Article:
Ain't I A Woman Collective

Centring the Voices of Women with African Ancestry

Editor’s Note

By Ella Achola and Yossie Paul

This month’s issue is RENEWAL. Our editors Ella Achola and Yossie Paul reflect on what RENEWAL means to them and the submissions we received this month.

Ella Achola, Editor

Just about a year ago I was becoming increasingly weary of relying on diaspora feminisms that I did not feel spoke my story. I had begun my feminist journey reading the truths of Angela Davis and bell hooks, Assata Shakur and Audre Lorde, but quickly realised that their stories were not always mine. I therefore sought to find a feminism that applied to me, even if that meant carving out new spaces in which different women could each tell their unique stories, which is exactly what the Ain’t I A Woman Collective has done for me. It has given me an opportunity to renew and invigorate the feminist journey I am on and it has allowed me to connect with other women for a bigger cause that we all hope will bring lasting change.

With that journey comes many hurdles that require the courage to admit mistakes and start over with a renewed sense of purpose that reflects the very passion that drove its beginnings. This is reflected in some of the submissions we received this month as they tell stories of lacking focus that required a new sense of direction in order to come out renewed and ready to brave life. They tell stories of bravery to admit mistakes and start over as well as courage to make decisions that forever change your life.

Here is to renewal, so that we may never fear to start over.

Yossie Paul, Assistant Editor

My childhood experiences continue to shape my life and writing. Its lessons, on the occasion that I recall them, make me reconsider my actions and the path that I am carving for myself.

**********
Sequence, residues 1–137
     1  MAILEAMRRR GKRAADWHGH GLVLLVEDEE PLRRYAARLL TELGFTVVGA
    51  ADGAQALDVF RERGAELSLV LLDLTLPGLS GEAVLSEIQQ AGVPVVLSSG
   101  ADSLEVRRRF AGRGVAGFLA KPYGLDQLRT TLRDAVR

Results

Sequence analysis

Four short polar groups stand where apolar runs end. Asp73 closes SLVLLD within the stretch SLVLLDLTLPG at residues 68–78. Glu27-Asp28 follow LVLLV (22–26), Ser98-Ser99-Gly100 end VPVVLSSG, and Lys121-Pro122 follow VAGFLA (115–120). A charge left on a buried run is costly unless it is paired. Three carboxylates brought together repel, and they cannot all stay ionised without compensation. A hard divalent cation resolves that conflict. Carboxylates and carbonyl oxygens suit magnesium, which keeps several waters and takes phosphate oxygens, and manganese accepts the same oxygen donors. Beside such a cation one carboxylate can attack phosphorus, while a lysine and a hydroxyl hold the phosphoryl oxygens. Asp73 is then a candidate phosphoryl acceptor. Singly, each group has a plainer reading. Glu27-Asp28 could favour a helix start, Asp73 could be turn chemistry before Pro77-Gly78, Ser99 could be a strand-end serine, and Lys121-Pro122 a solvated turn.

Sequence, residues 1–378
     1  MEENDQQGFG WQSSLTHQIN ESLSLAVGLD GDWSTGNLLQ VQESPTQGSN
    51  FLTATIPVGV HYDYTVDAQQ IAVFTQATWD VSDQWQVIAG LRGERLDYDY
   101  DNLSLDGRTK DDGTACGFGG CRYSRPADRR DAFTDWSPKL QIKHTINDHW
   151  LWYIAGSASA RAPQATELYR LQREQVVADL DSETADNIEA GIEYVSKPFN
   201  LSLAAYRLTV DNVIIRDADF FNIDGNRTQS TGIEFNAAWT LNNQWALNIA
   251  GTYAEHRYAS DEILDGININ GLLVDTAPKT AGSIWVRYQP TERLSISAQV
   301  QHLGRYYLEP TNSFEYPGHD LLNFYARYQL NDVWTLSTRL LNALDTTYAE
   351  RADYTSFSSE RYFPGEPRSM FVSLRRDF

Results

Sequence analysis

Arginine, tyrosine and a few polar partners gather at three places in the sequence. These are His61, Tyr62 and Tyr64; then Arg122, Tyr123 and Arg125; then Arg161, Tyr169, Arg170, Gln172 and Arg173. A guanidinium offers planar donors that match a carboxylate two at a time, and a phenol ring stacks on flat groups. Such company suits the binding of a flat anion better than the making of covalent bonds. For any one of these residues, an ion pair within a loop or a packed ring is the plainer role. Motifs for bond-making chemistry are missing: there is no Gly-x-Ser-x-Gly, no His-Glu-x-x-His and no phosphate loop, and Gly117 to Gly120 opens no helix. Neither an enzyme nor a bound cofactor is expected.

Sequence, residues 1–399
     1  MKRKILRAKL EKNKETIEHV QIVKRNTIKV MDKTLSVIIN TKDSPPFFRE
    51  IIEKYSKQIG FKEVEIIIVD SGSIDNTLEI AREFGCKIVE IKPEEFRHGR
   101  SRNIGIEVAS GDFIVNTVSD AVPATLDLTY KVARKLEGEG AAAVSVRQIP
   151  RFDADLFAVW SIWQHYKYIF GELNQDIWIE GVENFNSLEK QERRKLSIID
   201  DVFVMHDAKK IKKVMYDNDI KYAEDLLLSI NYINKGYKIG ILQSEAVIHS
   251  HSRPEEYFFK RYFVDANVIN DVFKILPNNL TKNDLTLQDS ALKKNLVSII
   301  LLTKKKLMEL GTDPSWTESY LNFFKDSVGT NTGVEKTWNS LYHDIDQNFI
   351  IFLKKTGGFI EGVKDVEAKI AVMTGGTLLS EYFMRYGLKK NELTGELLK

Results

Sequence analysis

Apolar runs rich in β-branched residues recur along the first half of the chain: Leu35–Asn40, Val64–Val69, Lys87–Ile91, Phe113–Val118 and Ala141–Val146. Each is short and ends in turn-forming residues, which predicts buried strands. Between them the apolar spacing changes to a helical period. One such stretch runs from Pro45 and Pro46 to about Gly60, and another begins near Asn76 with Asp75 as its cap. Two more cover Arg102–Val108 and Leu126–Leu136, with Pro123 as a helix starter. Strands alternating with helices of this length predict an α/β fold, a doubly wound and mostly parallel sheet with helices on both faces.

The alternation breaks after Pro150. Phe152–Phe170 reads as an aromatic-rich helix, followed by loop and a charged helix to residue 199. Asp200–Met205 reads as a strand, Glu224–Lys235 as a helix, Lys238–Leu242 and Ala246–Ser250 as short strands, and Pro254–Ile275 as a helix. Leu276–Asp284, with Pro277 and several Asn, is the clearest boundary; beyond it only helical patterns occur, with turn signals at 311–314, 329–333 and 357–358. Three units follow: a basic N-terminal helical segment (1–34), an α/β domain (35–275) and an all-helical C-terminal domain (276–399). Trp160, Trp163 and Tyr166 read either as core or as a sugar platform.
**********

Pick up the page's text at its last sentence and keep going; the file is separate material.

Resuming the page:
A few weeks ago, I took a day trip to Syon House and spent some time in a pool. It was a somewhat staggering experience, as I had forgotten what it felt like to be immersed in water. It had been a while, seven years or so.

In the pool, I had to ease my body into floating, as it does in water. My companion turned away to complete a lap and I went underwater. Bad move. I thought I was going to die, but I managed to come up for air. What was that, I thought. I then moved to the edge of the pool and stood there, reflecting. That was when I decided that I would like to take up swimming again.

A number of things crossed my mind in the time I thought I had breathed my last, yet what remained was a feeling of regret: why did I stop swimming? Upon reflection, I realised that what I had failed to do was remain true to one of the most important lessons I learned as a child: to sharpen the saw, the 7th habit from the book 7 Habits of Highly Effective Teenagers.
Sharpening the saw is a metaphor for continuous improvement, which is what I think about when I hear “renewal.” It is at the core of everything I do, as a scholar and writer—ultimately, as a human being. Now that I have recalled it, it is something I hope to take seriously going forward.

For AIAWC, as we make the first step toward restructuring the organisation through starting themed issues, it is our pleasure to share with our readers, the work of various women who have written uniquely and movingly about renewal in relation to their lives.

Enjoy the posts, and be sure to share your own experiences or thoughts in the comments.

Leave A Comment

Your email address will not be published.